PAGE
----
User-supplied input

OK, for mkdocs I run my site compile and then serve that static site - so I'm confident that I'm not exposed to any risk of someone attacking me through the site itself. I can't think of any content involved that I'm not in control of - environment variables, config. A malicious mkdocs plugin or other package could probably exploit it but there are lots of other ways a malicious package could hurt me, so not a new risk there.

For dbt, same risks from dbt and Python packages but again, I'm already exposed to equal or greater risk there so already accepted. Although dbt might appear to process externally supplied input in the form of the source data to the pipelines, it's not processing that itself. dbt uses templates to generate SQL, and that plain SQL is what actually interacts with the external data. I think it's basically the same as mkdocs, then, that the only inputs to template processing come from my own source code and the environments in which I run dbt.

So - I don't think I process user-supplied input with Jinja2, but I'm aware that I've only considered the obvious ways in which Jinja2 is used in these two projects. It's always possible I missed something.


This site and pypi_vulnerabilities deal with public data, so I don't see any risk of a data breach. The worst-case scenarios I can think of are:

  • running up a big bill for my dbt-based project, and I have active controls in place to block that
  • manipulating the data in my dbt-based project to give incorrect results, but I make no promises about correctness
  • mucking about with the content on this site, which I hope I would notice
  • inserting malware into this site to compromise you, dear reader, but you take responsibility for your own risk management as you traverse the wilds of the internet
  • getting access to the laptop I'm running on, mitigated by running in a Codespace so these projects are never installed on this laptop
  • getting access to the Codespace environment, which is responsibly operated and has extremely limited permissions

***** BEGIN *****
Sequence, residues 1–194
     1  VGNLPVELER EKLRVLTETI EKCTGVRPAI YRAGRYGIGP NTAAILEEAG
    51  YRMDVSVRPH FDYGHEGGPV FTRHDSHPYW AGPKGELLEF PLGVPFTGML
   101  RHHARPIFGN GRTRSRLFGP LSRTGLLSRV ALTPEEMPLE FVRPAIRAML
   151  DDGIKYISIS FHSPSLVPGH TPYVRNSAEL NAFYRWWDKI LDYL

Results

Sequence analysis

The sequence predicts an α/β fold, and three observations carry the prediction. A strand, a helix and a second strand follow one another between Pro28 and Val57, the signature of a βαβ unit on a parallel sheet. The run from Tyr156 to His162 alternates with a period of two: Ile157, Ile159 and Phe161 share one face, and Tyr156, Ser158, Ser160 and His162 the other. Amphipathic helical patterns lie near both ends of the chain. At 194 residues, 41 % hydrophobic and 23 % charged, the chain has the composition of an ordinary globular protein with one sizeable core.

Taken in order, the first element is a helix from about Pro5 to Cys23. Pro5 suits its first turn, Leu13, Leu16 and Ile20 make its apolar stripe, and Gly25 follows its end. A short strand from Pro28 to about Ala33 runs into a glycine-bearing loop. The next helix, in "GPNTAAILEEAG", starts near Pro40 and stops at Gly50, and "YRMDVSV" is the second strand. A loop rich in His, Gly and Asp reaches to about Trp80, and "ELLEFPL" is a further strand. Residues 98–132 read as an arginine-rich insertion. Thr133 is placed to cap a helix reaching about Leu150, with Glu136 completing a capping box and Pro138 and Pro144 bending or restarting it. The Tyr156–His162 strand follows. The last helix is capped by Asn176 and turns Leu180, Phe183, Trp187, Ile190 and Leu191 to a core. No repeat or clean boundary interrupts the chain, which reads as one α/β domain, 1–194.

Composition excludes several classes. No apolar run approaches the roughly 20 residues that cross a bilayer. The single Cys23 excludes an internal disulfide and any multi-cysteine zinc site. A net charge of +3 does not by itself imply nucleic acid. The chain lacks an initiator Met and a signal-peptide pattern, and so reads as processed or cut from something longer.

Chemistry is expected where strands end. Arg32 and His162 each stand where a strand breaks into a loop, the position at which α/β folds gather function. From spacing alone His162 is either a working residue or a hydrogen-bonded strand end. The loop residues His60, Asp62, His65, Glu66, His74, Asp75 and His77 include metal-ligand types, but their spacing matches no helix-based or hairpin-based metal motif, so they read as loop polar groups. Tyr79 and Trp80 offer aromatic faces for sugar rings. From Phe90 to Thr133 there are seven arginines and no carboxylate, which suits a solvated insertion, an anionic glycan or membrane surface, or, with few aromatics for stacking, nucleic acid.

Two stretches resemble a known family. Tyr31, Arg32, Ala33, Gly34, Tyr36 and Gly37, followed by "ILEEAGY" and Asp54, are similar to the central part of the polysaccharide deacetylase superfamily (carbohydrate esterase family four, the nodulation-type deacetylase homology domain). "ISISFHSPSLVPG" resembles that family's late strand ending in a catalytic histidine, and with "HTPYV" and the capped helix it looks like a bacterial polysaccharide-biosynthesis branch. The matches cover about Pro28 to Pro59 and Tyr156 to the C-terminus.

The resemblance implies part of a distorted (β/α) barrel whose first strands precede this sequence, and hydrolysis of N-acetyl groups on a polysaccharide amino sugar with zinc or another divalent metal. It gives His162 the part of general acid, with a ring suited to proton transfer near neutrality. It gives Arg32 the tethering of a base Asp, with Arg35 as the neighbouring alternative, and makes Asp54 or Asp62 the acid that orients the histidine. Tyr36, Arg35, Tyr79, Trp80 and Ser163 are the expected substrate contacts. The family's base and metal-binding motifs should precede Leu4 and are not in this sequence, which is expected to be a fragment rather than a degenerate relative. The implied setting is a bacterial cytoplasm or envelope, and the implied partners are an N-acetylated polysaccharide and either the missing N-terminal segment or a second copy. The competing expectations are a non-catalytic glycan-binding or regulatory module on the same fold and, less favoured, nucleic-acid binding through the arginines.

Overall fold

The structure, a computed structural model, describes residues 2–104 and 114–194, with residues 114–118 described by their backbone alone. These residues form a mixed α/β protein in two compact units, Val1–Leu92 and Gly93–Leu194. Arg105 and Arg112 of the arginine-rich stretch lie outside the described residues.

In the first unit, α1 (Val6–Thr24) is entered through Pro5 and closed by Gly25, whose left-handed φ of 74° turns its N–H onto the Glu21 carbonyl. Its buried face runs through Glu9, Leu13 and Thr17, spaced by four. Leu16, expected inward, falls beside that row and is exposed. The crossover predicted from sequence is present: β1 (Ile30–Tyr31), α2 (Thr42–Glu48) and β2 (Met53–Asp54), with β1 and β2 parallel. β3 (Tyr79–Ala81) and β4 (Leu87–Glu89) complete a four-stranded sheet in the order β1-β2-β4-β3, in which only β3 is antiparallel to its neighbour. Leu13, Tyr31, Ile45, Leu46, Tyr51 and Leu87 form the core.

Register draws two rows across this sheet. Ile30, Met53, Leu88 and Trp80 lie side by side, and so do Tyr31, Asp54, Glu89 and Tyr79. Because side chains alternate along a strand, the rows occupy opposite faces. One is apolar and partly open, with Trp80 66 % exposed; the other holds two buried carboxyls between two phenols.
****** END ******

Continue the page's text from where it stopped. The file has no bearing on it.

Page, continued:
• getting access to the GitHub Actions environment, which is responsibly operated and has extremely limited permissions
  • getting access to the Netlify build environment, which is responsibly operated and has even fewer permissions

Looking at that list, I guess it's the same base list regardless of the specific vulnerability, as getting compromised is getting compromised.


I'll ignore the vulnerability. I could choose to shut down this site and the pypi_vulnerabilities GitHub Actions if I felt there was a significant risk to myself or others. I don't think there is a significant risk, as I don't think I process untrusted external data, the impacts are fairly well mitigated and I don't see an incentive for an attacker to invest the time and effort to compromise and then exploit these projects. I wish I could have more certainty than that but I'm always left with some doubt when I have to make these decisions.

There's always a residual risk, but I feel that's a defensible decision if something bad did happen. Is this the right decision? Did I miss anything important? You can feedback, instructions at the end of the post.


I'll add an ignore to my .safety_policy.yml in these repositories, with an expiration date in July. That will ensure I review the decision based on any new information that emerges in the meantime.

It would have been a lot easier to just assume I wasn't vulnerable on reading the vulnerability details, but as I dug into it I learned or reflected a few things about my dependencies which seems like a worthwhile exercise. I certainly feel that investing an hour or two digging and writing something down means I can defend the decision, especially compared to "Well, I read the safety output and it didn't sound like a problem".